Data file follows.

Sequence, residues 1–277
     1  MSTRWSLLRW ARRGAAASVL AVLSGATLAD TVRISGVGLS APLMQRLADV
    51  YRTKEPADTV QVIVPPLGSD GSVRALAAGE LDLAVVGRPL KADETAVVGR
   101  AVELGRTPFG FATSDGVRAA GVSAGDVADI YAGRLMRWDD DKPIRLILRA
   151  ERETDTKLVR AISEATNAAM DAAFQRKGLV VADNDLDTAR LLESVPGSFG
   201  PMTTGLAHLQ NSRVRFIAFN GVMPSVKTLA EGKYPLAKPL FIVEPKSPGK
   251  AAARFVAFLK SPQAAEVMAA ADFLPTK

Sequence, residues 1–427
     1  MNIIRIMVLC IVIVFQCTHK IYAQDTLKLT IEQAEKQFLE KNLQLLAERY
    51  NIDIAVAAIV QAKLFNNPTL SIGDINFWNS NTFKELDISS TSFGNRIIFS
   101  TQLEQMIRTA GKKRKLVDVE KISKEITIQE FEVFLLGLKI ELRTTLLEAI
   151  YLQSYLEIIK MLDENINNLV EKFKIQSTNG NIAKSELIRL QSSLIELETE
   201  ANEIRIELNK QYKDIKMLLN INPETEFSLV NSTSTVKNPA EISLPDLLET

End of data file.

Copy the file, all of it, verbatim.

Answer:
Sequence, residues 1–277
     1  MSTRWSLLRW ARRGAAASVL AVLSGATLAD TVRISGVGLS APLMQRLADV
    51  YRTKEPADTV QVIVPPLGSD GSVRALAAGE LDLAVVGRPL KADETAVVGR
   101  AVELGRTPFG FATSDGVRAA GVSAGDVADI YAGRLMRWDD DKPIRLILRA
   151  ERETDTKLVR AISEATNAAM DAAFQRKGLV VADNDLDTAR LLESVPGSFG
   201  PMTTGLAHLQ NSRVRFIAFN GVMPSVKTLA EGKYPLAKPL FIVEPKSPGK
   251  AAARFVAFLK SPQAAEVMAA ADFLPTK

Sequence, residues 1–427
     1  MNIIRIMVLC IVIVFQCTHK IYAQDTLKLT IEQAEKQFLE KNLQLLAERY
    51  NIDIAVAAIV QAKLFNNPTL SIGDINFWNS NTFKELDISS TSFGNRIIFS
   101  TQLEQMIRTA GKKRKLVDVE KISKEITIQE FEVFLLGLKI ELRTTLLEAI
   151  YLQSYLEIIK MLDENINNLV EKFKIQSTNG NIAKSELIRL QSSLIELETE
   201  ANEIRIELNK QYKDIKMLLN INPETEFSLV NSTSTVKNPA EISLPDLLET